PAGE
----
Illustration: Lazaro Gamio/Axios

U.S. economic and national security is threatened by China's strategic plan for dominance in multiple areas, FBI Director Christopher Wray said in an interview Friday with Richard Haass, president of the Council on Foreign Relations.

Why it matters: These so-called "generational threats" will shape the future of the U.S., Wray warns.

"They’re going to determine where we stand and what we look like ten years from now, twenty years from now, fifty years from now."
— Christopher Wray tells Richard Haass

The "multilayered threat" from China, Wray says, entails a merging of cybercrime and espionage. China is "stealing innovation" via businesses, universities and organizations, he says.

  • The FBI's economic espionage investigations "almost invariably lead back to China" in most of the 56 field offices and span most industries or sectors.
  • "Put plainly, China seems determined to steal its way up the economic ladder at our expense."

Plus, the increasing dependence of the U.S. on technology makes the country more vulnerable, he adds.

  • "[O]ur ever-expanding use of technology: next-generation telecommunications networks like 5G, the rise of artificial intelligence and machine learning, cryptocurrencies, unmanned aerial system[s], deep fakes ... I see blinking red right in front of me and right in front of all of us. And we grow more vulnerable in many ways every day."

The bottom line: There needs to be a public-private partnership to share information and resources to prevent these threats, Wray says.

Go deeper

Scoop: How the White House is trying to trap leakers

Illustration: Sarah Grillo/Axios

President Trump's chief of staff, Mark Meadows, has told several White House staffers he's fed specific nuggets of information to suspected leakers to see if they pass them on to reporters — a trap that would confirm his suspicions. "Meadows told me he was doing that," said one former White House official. "I don't know if it ever worked."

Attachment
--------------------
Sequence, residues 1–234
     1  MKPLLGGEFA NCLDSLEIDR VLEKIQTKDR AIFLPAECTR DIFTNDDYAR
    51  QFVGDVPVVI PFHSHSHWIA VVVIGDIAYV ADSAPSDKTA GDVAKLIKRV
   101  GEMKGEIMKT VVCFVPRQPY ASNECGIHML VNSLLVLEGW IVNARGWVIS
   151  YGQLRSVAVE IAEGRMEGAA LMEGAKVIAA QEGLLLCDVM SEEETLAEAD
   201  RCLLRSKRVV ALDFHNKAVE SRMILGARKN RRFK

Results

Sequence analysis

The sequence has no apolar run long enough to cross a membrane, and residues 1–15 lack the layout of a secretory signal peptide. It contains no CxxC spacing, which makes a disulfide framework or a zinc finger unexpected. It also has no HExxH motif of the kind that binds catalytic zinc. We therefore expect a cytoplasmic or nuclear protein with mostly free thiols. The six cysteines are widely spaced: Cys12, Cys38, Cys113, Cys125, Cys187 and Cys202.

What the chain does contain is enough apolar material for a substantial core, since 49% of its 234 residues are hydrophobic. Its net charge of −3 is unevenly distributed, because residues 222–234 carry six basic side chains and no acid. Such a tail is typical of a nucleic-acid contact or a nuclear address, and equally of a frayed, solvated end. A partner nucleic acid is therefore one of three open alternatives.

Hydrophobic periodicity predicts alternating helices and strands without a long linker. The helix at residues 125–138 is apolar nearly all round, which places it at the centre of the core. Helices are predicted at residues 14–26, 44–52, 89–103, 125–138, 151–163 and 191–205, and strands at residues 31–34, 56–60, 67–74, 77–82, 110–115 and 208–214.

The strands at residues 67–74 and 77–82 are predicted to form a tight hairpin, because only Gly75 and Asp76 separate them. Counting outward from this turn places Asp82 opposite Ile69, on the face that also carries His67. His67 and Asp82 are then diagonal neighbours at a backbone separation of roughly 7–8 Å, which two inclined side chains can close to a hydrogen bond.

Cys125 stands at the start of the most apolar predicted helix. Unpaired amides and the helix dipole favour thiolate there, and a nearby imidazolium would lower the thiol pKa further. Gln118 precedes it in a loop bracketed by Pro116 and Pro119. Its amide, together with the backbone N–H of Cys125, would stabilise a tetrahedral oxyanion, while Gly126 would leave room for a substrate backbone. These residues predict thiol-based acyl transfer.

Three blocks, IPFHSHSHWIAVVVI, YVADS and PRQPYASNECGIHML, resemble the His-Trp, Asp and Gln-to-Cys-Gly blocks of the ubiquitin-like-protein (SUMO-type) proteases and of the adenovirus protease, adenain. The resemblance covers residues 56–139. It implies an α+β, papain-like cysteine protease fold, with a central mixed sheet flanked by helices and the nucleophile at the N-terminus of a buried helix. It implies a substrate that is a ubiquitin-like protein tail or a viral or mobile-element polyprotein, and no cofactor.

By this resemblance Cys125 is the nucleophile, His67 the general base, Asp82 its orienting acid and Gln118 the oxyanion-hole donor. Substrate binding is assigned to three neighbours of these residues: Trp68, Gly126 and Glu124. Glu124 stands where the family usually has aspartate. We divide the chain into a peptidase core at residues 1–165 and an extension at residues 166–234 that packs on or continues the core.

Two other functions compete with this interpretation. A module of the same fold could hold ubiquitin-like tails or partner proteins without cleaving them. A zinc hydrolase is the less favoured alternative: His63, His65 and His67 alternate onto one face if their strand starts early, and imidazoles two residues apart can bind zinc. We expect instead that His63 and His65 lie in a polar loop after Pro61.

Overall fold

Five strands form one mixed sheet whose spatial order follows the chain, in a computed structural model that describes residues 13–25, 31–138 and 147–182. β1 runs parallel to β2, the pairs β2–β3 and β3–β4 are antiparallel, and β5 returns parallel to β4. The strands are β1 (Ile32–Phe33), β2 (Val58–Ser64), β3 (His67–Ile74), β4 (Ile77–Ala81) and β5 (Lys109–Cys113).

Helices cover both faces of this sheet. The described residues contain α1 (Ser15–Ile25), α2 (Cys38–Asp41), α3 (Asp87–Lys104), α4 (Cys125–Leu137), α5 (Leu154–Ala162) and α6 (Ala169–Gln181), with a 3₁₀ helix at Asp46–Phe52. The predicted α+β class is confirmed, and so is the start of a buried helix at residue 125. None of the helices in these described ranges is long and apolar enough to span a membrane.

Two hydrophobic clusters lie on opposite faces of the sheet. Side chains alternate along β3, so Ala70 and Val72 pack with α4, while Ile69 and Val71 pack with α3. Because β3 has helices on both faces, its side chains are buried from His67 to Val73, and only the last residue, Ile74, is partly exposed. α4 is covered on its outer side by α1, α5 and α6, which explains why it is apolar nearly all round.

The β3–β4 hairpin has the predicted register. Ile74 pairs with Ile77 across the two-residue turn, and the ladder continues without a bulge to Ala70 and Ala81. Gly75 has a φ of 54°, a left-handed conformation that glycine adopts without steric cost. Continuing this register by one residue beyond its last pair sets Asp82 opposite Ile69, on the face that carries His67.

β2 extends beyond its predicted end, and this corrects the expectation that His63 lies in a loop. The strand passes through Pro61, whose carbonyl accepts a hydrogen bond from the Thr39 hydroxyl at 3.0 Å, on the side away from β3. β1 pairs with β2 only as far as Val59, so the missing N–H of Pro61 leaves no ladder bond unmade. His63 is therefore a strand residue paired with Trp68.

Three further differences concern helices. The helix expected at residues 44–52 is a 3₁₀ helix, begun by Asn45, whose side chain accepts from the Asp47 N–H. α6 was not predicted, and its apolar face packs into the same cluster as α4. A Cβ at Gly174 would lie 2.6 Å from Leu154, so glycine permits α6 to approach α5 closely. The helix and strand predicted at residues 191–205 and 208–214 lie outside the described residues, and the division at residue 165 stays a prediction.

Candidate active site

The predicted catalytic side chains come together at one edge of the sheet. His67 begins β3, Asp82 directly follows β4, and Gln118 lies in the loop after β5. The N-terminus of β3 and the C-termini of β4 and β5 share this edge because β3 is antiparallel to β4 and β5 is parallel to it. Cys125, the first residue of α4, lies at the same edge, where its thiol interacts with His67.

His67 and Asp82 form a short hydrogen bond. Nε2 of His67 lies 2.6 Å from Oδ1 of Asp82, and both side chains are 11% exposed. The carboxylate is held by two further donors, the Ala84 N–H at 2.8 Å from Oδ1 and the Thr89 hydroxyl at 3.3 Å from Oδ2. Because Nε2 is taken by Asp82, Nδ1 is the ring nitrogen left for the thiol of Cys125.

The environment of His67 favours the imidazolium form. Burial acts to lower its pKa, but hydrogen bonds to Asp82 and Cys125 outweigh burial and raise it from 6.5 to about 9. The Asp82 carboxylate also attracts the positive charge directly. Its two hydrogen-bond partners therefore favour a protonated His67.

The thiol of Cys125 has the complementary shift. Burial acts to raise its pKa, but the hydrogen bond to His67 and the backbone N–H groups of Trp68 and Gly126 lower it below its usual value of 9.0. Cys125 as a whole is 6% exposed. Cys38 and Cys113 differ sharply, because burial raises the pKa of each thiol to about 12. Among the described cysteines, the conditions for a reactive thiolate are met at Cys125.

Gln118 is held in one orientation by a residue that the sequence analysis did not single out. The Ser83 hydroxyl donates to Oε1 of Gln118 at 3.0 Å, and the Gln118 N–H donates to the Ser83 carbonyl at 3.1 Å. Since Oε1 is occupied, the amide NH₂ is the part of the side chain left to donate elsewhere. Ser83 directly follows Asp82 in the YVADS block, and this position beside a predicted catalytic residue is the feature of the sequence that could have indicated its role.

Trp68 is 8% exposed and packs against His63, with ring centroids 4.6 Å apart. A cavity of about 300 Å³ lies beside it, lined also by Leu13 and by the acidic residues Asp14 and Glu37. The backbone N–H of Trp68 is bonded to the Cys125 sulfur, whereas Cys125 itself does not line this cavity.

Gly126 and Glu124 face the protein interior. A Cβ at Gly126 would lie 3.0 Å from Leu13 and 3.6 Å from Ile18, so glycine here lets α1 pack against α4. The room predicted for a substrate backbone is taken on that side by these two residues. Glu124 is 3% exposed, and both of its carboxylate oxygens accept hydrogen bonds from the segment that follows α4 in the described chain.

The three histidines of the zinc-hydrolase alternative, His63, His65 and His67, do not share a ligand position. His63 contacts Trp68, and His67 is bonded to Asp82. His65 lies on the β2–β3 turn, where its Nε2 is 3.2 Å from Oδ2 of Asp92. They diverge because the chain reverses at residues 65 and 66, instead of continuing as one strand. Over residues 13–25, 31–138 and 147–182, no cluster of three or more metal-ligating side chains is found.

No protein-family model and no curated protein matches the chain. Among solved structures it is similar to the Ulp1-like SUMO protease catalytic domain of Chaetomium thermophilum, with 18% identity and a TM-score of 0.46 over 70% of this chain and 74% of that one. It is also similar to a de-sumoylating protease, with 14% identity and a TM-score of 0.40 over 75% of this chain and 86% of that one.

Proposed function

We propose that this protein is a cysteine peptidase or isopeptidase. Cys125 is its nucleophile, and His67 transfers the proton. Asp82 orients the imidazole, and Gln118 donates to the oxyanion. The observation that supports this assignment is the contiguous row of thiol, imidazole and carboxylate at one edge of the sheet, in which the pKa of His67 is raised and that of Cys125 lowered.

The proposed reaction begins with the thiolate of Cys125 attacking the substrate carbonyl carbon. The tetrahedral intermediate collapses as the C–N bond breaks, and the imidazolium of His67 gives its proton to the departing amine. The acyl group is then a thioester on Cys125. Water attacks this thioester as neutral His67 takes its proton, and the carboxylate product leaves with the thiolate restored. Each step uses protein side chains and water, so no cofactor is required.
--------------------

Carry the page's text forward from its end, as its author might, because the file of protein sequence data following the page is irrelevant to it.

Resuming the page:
Why it matters: This hunt for leakers has put some White House staffers on edge, with multiple officials telling Axios that Meadows has been unusually vocal about his tactics. So far, he's caught only one person, for a minor leak.

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Coronavirus dashboard

Illustration: Sarah Grillo/Axios

  1. Global: Total confirmed cases as of 4 p.m. ET: 12,813,864 — Total deaths: 566,790 — Total recoveries — 7,046,535Map.
  2. U.S.: Total confirmed cases as of 4 p.m. ET: 3,286,025 — Total deaths: 135,089 — Total recoveries: 995,576 — Total tested: 39,553,395Map.
  3. States: Florida smashes single-day record for new coronavirus cases with over 15,000 — Miami-Dade mayor says "it won't be long" until county's hospitals reach capacity.
  4. Public health: Ex-FDA chief projects "apex" of South's coronavirus curve in 2-3 weeks — Coronavirus testing czar: Lockdowns in hotspots "should be on the table"
  5. Education: Betsy DeVos says schools that don't reopen shouldn't get federal funds — Pelosi accuses Trump of "messing with the health of our children."

11 GOP congressional nominees support QAnon conspiracy

Lauren Boebert posing in her restaurant in Rifle, Colorado, on April 24. Photo: Emily Kask/AFP

At least 11 Republican congressional nominees have publicly supported or defended the QAnon conspiracy theory movement or some of its tenets — and more aligned with the movement may still find a way onto ballots this year.

Why it matters: Their progress shows how a fringe online forum built on unsubstantiated claims and flagged as a threat by the FBI is seeking a foothold in the U.S. political mainstream.